I attended, But they’re scary! Tech tools to over math and science teachers, using picture books in 6-8, charting the course with topics and trend and of course the keynote speaker, John Schu. The concurrent sessions gave me some great ideas to use for my current classroom as well as share with my teachers in the building. I am already planning on sharing the great tech tools in the math and science department meetings. Listening to Audrey Church’s top ten, was just amazing. I attended last year as well, and this year was just as good or better then last.
John Schu, was so inspirational to me as teacher, book lover and future librarian. As I look into the future to becoming a librarian, I plan to keep the quote “What do you want your library students to remember about your library 10 years from now?” and “Not to get the books back, but the readers back.” He is a person/librarian/lover of books, that we all can hope to become and be able to share with students. He gave some great book talks and ways to promote reading and libraries for every student.
Again, I was not disappointed by this conference and look forward to many more!
The November 2015 VAASL conference was amazing, and my first large scale professional conference. What did I take away from said conference? Well, always double check the room numbers. Turns out that there is a BIG difference between auditorium and amphitheater. Oops! Luckily, we realized when no one showed up, that we were in the wrong place and made it to our session with a few extra minutes to spare. As someone who has been to several smaller conferences, the VAASL conference has a lot to offer. Sessions were lead by librarians and educators who genuinely have a passion for their profession. All were eager to share their expertise and to lend a helping hand in any way they could. I got so many great ideas from how to improve Sustained Silent Reading at our school, to sponsoring a Virginia Readers Choice group to listening to Longwood’s very own Dr. Church present on the 10 emerging trends in librarianship. This conference was a great use of my time, and a fantastic way to network with other professionals!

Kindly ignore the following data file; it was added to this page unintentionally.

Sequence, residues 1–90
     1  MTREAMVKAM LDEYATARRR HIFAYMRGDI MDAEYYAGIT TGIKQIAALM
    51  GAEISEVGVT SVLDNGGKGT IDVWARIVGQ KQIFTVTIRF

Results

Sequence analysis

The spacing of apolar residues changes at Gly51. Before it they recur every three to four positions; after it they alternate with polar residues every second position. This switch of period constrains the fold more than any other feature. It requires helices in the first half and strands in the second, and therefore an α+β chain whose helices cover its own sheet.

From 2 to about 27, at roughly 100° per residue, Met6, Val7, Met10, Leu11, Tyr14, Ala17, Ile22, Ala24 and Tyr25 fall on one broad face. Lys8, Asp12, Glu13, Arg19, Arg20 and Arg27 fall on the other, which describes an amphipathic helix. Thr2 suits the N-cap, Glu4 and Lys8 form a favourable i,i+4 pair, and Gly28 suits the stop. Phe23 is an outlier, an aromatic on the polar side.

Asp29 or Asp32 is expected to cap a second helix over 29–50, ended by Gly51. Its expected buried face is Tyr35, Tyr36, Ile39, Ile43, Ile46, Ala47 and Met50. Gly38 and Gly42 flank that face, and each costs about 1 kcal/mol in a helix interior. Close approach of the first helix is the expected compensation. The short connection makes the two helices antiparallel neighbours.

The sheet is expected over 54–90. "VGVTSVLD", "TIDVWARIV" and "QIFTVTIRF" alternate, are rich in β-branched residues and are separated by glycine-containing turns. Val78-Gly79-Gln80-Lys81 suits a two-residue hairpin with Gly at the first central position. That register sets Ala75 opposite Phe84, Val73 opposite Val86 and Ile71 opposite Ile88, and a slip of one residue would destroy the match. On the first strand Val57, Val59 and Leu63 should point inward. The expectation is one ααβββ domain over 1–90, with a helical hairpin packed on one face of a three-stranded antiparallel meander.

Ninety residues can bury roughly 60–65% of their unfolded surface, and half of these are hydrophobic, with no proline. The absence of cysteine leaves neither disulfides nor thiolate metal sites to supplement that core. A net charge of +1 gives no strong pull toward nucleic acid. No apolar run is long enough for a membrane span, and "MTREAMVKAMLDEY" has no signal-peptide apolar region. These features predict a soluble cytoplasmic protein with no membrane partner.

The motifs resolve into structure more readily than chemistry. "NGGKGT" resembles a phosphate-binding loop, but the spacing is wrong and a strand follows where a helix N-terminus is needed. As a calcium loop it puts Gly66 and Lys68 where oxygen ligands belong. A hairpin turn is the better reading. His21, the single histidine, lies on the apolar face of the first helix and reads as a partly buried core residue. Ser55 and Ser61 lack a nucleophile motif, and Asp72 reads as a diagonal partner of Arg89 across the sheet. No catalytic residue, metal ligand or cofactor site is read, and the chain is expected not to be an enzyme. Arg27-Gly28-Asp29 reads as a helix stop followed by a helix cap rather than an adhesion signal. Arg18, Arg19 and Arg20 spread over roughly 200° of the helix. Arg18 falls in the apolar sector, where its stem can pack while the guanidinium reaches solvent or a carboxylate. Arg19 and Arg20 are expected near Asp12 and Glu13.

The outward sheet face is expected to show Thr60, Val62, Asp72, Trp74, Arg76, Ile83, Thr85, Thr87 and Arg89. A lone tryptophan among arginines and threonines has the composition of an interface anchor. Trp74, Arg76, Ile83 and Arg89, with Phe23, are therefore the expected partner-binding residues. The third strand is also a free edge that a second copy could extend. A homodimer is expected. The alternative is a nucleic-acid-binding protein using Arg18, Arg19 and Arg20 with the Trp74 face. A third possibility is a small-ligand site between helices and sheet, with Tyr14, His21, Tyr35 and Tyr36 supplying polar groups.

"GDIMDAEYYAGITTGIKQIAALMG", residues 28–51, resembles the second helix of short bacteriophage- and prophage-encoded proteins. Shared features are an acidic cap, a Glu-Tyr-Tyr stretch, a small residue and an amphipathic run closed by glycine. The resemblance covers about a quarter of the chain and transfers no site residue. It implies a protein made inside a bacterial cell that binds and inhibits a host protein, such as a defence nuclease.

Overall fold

I cannot wait to attend next year!
The 2015 VAASL Conference in Williamsburg, VA was my first true professional development experience as a “future” librarian. The conference provided me with many tools, resources, lesson plans, and ideas to help prepare me for a position as a school librarian. The theme of the conference was “Librarians on the Edge” in which countless opportunities for innovative teaching and learning were provided. As a result of attending this conference I have many new ideas and resources for empowering our students as 21st Century learners. I deliberately chose a very diverse schedule of topics during the 3 day conference which included the following:
- developing and enriching collaborative partnerships with staff and students;
- integrating the most recent technologies into all facets of instruction;
- learning stations;
- developing engaging and meaningful lesson plans and activities for students;
- connecting students globally through social media
Additionally, I met some inspiring authors of children’s and young adults’ books including Laura Murray (The Gingerbread Man Loose in the School series); Kristin Levine (The Paper Cowboy, The Lions of Little Rock, and The Best Bad Luck I Ever Had); Steve Watkins (The Black O, Juvie, and What Comes After); and Lezli Evans (Rain Song, Snow Dance, and Can You Count 10 Toes?)